How do I determine sample size for an unknown standard deviation?

Updated February 21, 2017

In elementary statistics or Advanced Placement statistics, you'll be asked to calculate various statistics for samples. A sample is a small segment of a population that is used to make generalisation about the population as a whole. How big a sample you take depends upon the population characteristics: a population of 1 million will require a different sample size than a population of 100, and a population with a known standard deviation will require a different sample size than one with an unknown standard deviation.

Divide your confidence interval by 2. A confidence level represents an interval that your data will fall into and is represented by a percentage, usually 98, 95 or 90 per cent. For example, if you wanted a 90 per cent confidence interval then .90 / 2 = 0.45.

Look up your answer from Step 1 in the middle of the z-table. If you can't find the exact number, get as close as you can. The closest value to 0.45 in the z-table is 0.4495, which falls at the intersection of row 1.6 and column 0.04.

Add the row and column values from Step 2 to get the z-score: 1.6 + 0.04 = 1.64.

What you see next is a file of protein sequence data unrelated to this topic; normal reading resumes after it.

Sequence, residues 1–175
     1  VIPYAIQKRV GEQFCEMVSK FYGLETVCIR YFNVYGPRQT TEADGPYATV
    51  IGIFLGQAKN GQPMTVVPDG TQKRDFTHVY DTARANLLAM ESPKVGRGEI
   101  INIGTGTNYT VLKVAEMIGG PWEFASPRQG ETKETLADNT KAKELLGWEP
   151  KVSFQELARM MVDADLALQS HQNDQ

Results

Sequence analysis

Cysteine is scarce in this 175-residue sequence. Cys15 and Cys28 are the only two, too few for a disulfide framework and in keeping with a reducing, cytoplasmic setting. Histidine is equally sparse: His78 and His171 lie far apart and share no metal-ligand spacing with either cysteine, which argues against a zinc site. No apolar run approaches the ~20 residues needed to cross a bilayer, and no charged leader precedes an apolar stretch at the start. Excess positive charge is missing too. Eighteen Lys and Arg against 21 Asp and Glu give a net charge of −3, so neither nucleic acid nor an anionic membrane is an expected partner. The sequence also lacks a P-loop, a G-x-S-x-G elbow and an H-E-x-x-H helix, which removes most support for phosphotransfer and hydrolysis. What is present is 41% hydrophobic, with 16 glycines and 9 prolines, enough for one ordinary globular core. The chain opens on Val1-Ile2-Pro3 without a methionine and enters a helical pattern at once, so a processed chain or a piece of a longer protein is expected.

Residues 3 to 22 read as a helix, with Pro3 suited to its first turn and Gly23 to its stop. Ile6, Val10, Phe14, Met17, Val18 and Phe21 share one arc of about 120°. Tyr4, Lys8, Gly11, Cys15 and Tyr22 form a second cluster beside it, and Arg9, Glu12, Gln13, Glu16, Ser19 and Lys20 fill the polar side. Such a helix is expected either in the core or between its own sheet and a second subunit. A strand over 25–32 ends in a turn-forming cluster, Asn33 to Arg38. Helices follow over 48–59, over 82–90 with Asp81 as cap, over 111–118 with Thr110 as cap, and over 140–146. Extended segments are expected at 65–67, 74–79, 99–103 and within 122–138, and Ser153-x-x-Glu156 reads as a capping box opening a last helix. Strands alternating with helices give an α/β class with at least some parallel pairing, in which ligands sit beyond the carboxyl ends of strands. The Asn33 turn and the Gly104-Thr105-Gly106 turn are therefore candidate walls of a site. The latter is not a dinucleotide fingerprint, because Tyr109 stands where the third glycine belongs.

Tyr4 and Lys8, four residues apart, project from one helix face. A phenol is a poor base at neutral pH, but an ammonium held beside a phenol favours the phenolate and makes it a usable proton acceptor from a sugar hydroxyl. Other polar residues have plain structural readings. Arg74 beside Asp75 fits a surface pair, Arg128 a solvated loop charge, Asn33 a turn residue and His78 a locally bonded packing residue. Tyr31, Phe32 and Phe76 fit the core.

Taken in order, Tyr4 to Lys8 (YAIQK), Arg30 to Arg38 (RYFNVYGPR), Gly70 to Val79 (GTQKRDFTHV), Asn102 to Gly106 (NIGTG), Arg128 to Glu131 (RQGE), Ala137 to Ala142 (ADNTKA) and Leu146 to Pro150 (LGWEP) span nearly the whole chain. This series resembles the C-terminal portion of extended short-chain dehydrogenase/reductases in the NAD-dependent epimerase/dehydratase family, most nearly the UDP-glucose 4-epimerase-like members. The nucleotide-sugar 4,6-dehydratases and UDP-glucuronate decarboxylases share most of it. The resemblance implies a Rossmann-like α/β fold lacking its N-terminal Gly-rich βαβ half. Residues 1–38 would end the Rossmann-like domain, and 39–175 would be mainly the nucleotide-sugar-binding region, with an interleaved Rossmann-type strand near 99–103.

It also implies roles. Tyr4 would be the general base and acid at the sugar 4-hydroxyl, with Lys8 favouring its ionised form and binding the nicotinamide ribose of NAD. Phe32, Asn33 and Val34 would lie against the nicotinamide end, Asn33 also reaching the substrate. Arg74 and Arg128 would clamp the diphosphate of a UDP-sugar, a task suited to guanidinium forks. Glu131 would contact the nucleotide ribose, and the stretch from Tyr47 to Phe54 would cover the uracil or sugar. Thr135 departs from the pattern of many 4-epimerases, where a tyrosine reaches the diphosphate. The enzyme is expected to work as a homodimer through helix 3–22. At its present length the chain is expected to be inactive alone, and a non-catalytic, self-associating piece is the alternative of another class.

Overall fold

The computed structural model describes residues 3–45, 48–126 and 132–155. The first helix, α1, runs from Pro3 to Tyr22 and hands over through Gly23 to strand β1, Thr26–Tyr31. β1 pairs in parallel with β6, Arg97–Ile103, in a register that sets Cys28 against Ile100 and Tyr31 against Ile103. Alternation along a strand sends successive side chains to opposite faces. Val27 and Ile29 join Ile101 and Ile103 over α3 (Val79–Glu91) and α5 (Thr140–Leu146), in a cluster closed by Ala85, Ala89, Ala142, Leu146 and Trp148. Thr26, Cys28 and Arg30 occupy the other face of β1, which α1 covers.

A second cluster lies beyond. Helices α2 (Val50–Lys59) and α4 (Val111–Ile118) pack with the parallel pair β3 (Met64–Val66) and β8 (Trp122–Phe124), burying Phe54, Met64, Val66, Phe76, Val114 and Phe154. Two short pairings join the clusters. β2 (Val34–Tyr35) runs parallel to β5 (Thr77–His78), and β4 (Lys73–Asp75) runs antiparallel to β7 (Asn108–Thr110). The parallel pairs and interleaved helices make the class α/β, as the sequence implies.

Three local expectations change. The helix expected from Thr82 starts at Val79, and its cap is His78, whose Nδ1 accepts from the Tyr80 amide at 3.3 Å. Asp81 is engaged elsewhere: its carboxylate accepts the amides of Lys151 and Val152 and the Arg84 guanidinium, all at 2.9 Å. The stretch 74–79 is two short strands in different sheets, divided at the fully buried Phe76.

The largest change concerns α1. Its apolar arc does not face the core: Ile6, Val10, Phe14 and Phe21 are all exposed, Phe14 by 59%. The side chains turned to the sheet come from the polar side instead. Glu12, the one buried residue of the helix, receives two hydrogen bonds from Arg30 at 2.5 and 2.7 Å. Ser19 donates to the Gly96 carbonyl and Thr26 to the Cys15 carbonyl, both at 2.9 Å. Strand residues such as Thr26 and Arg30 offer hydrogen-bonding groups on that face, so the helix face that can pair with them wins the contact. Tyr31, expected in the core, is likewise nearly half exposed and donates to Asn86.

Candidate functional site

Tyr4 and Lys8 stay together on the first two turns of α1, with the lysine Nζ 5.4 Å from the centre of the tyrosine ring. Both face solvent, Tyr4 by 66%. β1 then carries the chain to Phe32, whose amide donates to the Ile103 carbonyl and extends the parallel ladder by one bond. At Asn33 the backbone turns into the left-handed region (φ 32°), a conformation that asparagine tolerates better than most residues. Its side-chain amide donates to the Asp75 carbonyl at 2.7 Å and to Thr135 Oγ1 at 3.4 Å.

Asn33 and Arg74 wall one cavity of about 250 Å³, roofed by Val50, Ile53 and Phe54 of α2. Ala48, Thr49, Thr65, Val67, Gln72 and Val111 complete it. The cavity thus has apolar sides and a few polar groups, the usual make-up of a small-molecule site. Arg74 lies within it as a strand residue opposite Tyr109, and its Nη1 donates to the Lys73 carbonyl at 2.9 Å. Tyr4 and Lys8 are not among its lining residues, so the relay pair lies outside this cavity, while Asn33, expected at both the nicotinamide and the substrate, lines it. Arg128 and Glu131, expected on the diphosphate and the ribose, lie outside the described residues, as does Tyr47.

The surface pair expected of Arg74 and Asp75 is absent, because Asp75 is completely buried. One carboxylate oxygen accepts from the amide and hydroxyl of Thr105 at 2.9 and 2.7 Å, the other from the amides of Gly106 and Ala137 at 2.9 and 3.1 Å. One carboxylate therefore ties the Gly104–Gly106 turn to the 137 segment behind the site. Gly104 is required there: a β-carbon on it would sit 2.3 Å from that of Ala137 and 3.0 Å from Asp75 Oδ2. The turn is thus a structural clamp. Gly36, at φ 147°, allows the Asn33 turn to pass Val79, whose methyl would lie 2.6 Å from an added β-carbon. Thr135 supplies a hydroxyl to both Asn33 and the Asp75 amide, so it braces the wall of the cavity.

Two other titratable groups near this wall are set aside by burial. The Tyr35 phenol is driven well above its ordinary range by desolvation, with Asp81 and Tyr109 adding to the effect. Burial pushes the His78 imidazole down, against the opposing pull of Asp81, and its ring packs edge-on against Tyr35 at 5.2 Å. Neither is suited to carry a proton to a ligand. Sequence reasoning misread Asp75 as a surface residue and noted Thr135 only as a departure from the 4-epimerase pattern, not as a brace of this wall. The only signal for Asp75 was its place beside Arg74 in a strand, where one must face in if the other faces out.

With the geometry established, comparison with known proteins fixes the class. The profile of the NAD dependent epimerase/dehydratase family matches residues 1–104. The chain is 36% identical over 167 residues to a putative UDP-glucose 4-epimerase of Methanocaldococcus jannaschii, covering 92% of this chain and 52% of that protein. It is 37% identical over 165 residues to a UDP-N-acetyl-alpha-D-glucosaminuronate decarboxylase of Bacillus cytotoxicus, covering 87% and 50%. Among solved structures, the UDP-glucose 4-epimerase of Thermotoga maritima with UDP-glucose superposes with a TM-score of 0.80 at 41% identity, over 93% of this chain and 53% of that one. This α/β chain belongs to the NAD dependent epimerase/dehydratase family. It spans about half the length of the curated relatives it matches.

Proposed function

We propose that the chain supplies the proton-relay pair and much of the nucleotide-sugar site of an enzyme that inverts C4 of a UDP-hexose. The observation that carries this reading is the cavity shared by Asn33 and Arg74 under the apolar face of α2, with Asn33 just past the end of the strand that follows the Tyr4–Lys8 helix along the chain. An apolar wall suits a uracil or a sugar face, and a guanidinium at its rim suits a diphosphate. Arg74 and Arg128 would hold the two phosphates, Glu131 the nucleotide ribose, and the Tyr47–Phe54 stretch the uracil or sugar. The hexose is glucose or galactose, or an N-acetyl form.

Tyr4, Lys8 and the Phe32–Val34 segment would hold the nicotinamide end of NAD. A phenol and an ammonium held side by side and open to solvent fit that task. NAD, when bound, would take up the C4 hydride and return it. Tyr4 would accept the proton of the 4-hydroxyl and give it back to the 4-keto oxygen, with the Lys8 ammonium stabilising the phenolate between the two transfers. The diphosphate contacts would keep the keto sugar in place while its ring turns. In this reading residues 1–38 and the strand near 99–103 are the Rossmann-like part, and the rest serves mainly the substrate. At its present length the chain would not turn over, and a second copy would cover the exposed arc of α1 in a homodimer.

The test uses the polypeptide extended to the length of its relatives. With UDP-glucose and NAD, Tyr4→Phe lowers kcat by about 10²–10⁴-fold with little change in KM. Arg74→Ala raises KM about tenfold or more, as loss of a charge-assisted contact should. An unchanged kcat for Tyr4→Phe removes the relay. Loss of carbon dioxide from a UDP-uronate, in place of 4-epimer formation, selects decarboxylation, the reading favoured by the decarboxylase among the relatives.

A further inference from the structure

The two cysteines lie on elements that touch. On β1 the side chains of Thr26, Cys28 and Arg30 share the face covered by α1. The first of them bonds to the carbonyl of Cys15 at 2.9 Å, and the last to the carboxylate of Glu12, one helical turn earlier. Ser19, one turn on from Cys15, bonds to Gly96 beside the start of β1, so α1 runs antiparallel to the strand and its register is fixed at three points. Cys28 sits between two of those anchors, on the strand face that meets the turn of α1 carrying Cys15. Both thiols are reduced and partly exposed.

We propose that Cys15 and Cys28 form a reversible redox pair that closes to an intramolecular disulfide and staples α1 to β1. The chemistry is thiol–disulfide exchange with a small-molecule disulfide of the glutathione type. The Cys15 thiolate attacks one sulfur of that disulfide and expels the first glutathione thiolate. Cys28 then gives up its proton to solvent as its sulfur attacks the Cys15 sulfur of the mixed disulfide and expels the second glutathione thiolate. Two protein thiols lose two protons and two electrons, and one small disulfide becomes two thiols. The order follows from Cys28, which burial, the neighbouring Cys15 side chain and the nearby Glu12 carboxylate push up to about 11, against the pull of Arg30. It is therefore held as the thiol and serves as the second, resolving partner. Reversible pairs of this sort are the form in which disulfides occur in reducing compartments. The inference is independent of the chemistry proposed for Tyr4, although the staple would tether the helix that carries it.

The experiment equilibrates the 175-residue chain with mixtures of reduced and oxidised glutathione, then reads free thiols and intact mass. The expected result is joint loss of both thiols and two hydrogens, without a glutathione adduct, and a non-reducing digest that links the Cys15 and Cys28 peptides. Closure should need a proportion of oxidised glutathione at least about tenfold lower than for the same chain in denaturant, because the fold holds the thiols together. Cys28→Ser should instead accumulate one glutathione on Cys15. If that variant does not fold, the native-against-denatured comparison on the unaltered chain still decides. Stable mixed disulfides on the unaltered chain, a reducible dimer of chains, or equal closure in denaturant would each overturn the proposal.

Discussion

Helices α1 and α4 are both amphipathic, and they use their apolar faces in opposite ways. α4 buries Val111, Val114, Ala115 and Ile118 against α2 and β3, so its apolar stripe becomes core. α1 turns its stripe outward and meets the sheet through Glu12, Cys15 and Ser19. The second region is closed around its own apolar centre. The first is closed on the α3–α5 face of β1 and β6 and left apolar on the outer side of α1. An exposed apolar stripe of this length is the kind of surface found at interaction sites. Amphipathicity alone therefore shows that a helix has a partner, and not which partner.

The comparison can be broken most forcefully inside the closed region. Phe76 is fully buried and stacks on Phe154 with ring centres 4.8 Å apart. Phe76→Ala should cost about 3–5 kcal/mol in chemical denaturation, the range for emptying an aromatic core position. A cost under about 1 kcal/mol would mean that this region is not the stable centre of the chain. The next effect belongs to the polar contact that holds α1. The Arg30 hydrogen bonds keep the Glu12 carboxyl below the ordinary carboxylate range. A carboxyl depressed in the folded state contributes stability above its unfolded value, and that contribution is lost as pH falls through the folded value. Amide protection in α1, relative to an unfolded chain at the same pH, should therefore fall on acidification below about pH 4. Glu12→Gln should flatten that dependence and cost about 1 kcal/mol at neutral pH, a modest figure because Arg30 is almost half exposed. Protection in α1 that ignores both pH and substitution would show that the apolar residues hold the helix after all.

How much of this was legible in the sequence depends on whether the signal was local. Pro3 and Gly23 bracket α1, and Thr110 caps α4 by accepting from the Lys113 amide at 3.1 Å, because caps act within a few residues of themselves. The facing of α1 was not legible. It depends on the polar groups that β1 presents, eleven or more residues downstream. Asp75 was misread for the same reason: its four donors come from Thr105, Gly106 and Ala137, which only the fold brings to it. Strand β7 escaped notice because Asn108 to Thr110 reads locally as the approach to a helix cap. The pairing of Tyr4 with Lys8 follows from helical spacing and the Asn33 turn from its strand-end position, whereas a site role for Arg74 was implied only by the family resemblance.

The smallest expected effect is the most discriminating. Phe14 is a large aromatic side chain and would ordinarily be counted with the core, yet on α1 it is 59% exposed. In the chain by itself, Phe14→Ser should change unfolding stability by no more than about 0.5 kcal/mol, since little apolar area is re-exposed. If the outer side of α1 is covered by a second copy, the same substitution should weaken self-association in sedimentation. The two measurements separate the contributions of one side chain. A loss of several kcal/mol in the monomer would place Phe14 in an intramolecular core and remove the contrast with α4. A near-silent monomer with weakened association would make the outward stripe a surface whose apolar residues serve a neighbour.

Divide the interval for your data by 2. The interval represents a spread of data. For example, if you had a 6 per cent confidence interval, then 0.0 6 / 2 = 0.03.

Divide Step 3 by Step 4: 1.64 / 0.03 = 54.67.

Square Step 5: 54.67^2 = 2988.81.

Subtract the given percentage in your sample (the question might state something like "51 per cent of voters" or "19 per cent of students") from 1, then multiply the percentage by the number you just calculated.

For example, 41 per cent is 1 - 0.41 = 0.59

0.59 X 0.41 = 0.2419.

Multiple the answer from Step 6 by the answer from Step 7.

2988.81. x 0.2419 = 722.993139.

This is your sample size.


There are many calculators that can calculate sample sizes for you, like graphing calculators and mathematical software.

Things You'll Need

  • Sample data with confidence interval and width
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About the Author

Stephanie Ellen teaches mathematics and statistics at the university and college level. She coauthored a statistics textbook published by Houghton-Mifflin. She has been writing professionally since 2008. Ellen holds a Bachelor of Science in health science from State University New York, a master's degree in math education from Jacksonville University and a Master of Arts in creative writing from National University.